Back in the late eighties / early nineties at the peak of the so-called Afro-centric movement within hip-hop many groups embraced the teachings of the 5% Nation (aka Five Percenters, and the Nation of Gods and Earths) which is the half-century old political organization founded by former Nation of Islam member Clarence "13X" Edward Smith (aka Allah the Father) who was a former student of Malcolm X. Of all these hip-hop groups associated with the Five Percenters the best known was Brand Nubian who consistently espoused the teachings of the Five Percent Nation in their music. These songs included "All For One" which was the title track off the New Rochelle, NY crew's stellar debut album - one that remains a hip-hop classic to this day. However the track caused a good deal of controversy  around the time of its release because the group -- originally made up of emcees Grand Puba, Sadat X, and Lord Jamar along with DJ Alamo --  were outspoken and true to their political beliefs from day one; proudly and unapologetically using their recordings and concerts  as a platform to display both their Islamic faith and the teachings of The 5% Nation.

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Black History Month In The Bay Area

Posted by The Bay Area Crew, January 29, 2015 09:05pm | Post a Comment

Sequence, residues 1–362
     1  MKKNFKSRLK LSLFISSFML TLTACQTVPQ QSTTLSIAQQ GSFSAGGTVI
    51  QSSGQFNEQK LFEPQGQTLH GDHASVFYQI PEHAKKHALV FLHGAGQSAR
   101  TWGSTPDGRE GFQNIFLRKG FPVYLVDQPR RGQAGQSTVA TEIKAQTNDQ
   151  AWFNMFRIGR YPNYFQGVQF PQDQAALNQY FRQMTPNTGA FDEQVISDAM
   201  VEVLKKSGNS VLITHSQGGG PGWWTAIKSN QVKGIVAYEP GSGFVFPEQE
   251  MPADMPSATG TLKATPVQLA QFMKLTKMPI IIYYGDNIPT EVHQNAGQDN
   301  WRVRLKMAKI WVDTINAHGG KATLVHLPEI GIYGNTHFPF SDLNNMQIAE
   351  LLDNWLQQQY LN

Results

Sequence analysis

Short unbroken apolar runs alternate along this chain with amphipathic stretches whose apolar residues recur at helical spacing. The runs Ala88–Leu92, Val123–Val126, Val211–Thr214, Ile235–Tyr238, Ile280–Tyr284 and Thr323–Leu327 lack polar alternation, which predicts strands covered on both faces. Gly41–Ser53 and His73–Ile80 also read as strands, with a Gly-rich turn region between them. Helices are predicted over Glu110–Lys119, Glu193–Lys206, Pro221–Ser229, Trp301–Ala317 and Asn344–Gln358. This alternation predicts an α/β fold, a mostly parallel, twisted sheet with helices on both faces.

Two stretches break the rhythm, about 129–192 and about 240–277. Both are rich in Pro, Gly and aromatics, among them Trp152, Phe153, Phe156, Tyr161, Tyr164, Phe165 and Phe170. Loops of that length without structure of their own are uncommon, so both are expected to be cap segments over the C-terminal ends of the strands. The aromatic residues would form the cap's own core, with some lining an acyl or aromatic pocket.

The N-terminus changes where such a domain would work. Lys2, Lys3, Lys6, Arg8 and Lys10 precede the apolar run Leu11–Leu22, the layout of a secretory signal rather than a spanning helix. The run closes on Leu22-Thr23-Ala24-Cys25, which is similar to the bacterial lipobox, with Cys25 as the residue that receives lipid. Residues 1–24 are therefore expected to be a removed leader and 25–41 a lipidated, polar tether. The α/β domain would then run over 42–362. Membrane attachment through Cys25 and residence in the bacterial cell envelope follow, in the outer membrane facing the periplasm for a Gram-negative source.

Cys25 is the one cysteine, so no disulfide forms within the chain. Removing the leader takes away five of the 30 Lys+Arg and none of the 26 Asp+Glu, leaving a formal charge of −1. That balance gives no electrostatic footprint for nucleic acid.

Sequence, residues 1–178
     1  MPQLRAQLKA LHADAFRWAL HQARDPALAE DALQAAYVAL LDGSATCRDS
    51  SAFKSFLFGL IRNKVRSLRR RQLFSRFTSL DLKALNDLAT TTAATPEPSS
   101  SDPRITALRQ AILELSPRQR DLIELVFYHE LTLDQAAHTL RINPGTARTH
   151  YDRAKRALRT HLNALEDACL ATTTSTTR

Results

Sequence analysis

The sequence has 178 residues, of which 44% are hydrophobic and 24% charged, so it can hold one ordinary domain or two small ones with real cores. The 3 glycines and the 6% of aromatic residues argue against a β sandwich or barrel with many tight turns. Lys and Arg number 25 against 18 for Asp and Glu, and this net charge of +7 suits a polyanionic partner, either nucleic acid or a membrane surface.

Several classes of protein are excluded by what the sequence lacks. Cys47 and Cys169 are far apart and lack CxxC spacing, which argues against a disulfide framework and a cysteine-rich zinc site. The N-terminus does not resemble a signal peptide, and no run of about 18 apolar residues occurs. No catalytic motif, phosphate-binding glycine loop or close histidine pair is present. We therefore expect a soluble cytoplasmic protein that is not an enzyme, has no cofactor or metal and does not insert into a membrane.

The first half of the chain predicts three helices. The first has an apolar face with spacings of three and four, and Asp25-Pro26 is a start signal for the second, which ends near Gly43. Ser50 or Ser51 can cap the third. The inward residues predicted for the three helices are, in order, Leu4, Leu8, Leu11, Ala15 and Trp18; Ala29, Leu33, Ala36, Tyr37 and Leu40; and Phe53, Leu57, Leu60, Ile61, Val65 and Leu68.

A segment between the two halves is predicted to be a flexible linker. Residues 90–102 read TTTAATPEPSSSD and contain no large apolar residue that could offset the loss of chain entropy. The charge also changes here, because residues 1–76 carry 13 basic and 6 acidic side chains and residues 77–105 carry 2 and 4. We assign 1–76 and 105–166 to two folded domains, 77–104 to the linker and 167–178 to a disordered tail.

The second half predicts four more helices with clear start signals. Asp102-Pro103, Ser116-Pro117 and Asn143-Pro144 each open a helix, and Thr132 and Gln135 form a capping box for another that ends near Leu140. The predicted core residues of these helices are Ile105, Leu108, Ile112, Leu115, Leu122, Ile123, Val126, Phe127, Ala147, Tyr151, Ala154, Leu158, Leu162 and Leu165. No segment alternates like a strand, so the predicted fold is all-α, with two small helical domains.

In honor of Black History Month, the Amoeblog is proud to provide this sampling of Bay Area events that are not to be missed. Watch this space for new additions.

Sunday, 2/1/2015, 1:00pm - 3:00pm
Racism and all that Jazz

Like Traditional Negro Spirituals and the Blues, Jazz evolved in the United States to survive the horrors of racism. Join Renaissance woman Phavia Kujichagulia (Griot, educator, & activist) on this journey into Jazz from Africa to America. She has performed and lectured extensively throughout the continental USA, the Caribbean, and England.
Koret Auditorium
Main Library
100 Larkin St.
San Francisco

Friday, 2/6/2015, 12:00pm -1:00pm
2015 Black History Month Kickoff : A Century of Black Life, History and Culture in San Francisco

Presented by San Francisco African American Historical & Cultural Society (celebrating its 60th anniversary).
City Hall Rotunda
1 Dr. Carlton B. Goodlett Place
San Francisco

Wednesday, 2/112015, 6:00pm - 7:30pm
African American Oakland: An Historical Overview

In this overview, Oakland History Room librarian Dorothy Lazard will share key and little-known stories of the social, cultural, economic and political contributions of African Americans in Oakland.
Main Library
Oakland History Room
125 14th Street

Friday, 2/13/2015, 7:00pm - 10:00pm
A Love Supreme

Join KQED, Impact Hub Oakland, and #1World1Family for a special evening celebrating Black History Month and the 50th anniversary of John Coltrane's album A Love Supreme with a night of film, music, performance, and conversation.
Jazz by the Angela Wellman Quartet
Spoken-word performance by Sonya Renee Taylor
Film Screening: Through a Lens Darkly
Join filmmaker Thomas Allen Harris with Rev. Dereca Blackmon, curator, Ashara Ekundayo and writer, Marvin K. White in conversation on radical love, spiritual practice, and next generation movement building such as the use of technology in the design of #BlackLivesMatter.
Impact Hub Oakland
2323 Broadway
RSVP required